In Defence of Volcanic Pedantry
Every day, on the island of Java, masked men risk their lungs for sulphur. At least it’s colourful work. On the hazy summit of Indonesia’s Kawah Ijen volcano, a crater lake blazes – tinted green by the noxious air. The deep gases seep from a nearby vent, burning blue after dark. It's the warmer hues, though, which lure people here.
The air, saturated with magmatic fumes, literally leaks molten sulphur. At first bright red, it solidifies to the familiar yellow of “elemental” sulphur before being lugged down the mountain in blocks by hand. To the miners it's money. But to pedantic volcanologists with smaller worries, their cash flow raises a different question: can you call liquid sulphur lava or not?!
To most people if it's red, runny and comes from a volcano, there’s only one word for it. I thought so too. But when I mentioned “sulphuric lava” on a popular microblog – I got called out.
The Oxford English Dictionary lists lava as "a stream of molten rock issuing from the crater of a volcano or from fissures in the earth". So where's the rub? The Kawah Ijen sulphur is certainly molten. It came from a volcano. But according to one commentator, it still wasn’t lava – because elemental sulphur, they said, wasn’t a rock. If it was, wouldn't other single-element material also inherit this (let's face it) slightly underwhelming title? A rock of gold? Platinum pebbles?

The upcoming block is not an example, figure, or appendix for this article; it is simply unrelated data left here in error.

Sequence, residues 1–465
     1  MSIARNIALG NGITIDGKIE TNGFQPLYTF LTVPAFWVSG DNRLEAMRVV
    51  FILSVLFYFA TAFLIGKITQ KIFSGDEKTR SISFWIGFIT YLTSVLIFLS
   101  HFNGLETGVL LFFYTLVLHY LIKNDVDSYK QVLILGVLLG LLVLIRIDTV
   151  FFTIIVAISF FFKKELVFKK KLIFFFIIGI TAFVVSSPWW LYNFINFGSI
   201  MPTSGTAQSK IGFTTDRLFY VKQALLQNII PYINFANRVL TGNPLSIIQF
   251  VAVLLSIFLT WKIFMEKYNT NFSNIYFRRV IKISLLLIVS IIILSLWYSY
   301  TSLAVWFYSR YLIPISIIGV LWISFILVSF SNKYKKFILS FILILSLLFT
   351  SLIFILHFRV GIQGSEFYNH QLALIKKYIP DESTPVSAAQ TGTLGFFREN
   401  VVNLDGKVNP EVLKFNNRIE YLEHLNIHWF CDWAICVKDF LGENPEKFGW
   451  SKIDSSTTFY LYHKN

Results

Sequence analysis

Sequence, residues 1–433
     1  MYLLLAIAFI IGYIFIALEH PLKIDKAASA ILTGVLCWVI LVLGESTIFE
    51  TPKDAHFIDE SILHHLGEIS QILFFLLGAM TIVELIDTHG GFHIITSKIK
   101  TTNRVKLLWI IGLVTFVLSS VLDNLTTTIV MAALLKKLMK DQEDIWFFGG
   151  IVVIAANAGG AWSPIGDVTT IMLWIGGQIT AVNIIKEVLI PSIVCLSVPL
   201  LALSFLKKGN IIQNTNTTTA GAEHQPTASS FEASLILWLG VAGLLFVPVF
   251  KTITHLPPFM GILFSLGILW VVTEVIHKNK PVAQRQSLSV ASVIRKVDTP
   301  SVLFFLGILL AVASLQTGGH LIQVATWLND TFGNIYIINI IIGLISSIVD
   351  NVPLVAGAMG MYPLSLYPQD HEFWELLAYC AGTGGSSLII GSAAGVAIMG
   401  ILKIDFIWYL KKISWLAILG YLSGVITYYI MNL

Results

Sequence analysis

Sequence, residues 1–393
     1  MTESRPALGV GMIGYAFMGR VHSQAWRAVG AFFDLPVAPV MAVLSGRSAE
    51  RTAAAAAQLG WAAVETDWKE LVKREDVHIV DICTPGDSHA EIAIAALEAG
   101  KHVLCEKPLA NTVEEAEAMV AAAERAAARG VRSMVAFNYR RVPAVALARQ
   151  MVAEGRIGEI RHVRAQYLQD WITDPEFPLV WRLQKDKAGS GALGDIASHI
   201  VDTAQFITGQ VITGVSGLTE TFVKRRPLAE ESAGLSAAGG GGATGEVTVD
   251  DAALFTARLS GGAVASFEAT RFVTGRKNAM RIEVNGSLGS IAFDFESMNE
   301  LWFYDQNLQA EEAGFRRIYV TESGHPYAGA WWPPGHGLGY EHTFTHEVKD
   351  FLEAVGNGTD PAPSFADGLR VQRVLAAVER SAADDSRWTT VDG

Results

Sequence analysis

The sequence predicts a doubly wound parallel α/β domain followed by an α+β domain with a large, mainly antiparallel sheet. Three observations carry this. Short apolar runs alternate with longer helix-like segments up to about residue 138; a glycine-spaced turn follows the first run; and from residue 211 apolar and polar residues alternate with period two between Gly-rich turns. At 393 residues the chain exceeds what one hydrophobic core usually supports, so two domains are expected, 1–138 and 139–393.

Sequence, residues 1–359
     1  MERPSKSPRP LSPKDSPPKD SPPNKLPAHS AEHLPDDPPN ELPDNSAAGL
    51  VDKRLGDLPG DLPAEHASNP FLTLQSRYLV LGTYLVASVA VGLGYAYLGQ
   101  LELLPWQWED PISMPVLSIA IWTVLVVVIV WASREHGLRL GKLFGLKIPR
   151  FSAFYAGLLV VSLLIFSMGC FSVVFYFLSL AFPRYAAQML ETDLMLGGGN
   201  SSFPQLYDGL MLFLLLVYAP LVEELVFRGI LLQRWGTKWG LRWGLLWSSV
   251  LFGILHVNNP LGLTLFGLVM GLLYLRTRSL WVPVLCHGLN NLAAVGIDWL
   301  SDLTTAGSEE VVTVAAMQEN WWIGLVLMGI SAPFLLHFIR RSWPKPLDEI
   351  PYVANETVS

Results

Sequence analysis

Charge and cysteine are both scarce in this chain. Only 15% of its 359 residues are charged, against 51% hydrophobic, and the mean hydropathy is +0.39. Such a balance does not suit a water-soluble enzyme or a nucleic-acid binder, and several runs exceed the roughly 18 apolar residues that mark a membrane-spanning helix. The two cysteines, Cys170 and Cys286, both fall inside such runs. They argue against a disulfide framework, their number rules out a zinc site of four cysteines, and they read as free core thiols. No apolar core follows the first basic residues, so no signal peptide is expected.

Either way, volcanoes like Kawah Ijen are so rare that it hardly matters beyond semantics. This example though, highlights a more pervasive problem with the L-word.
When a volcano erupts, a mild mania descends on journalists. Most symptoms are harmless – recycling stock phrases where things are invariably “shot” or “spewed” or “spat” "[x] miles into the air". But on closer inspection there’s another, more furtive presence.
For example, here’s how major news outlets chose to describe a recent large eruption (of Mount Sinabung, in Indonesia):
"[Mount Sinabung] started spitting ... lava up to 7,000 meters in the air"
– The Associated Press, 31 Dec 2013. (Repeated by WKYC, an NBC-affiliated TV station)
"[Sinabung] shot lava into the air nine times overnight"
– Agence France-Presse, 31 Dec 2013. (Repeated by the Australian Broadcasting Corporation and The Straits Times)
“[Sinabung] was still spitting … lava as high as 4,000 meters"
– The Daily Telegraph (UK), 05 Feb 2014
I found these in five minutes. They’re cherry-picked; but they’re certainly not rare. So what's the problem? Well, Sinabung did erupt lava. But it did not spit it 7km into the air. No lava has ever been spat 7km into the air. That was the ash.
More than that, what lava there was probably never made it airborne at all. Volcanoes like Sinabung emit extremely dense lava – geologically speaking, Andesite or Dacite – very different from the free-flowing basalt most people associate with eruptions. This kind tends to tumble or, at best, flow at a crawl.
But no eruption worth over-hyping can do without those four letters. The word slips in unnoticed; it’s part of the woodwork. And that’s what makes its misuse so easy to miss. It was ash which reached those fantastic heights above Sumatra – and it was astonishing. It was awe-inspiring. But it wasn't lava. In these cases and more, the urge to force in this keyword has compromised factual accuracy in important news stories.
That alone would justify this post. But it’s about more than poor journalism. These words – more than most – have weight. Just days ago, Sinabung claimed 16 lives. These people were killed by a pyroclastic flow. They could have sidestepped lava. Sadly, volcanoes don't need hyping.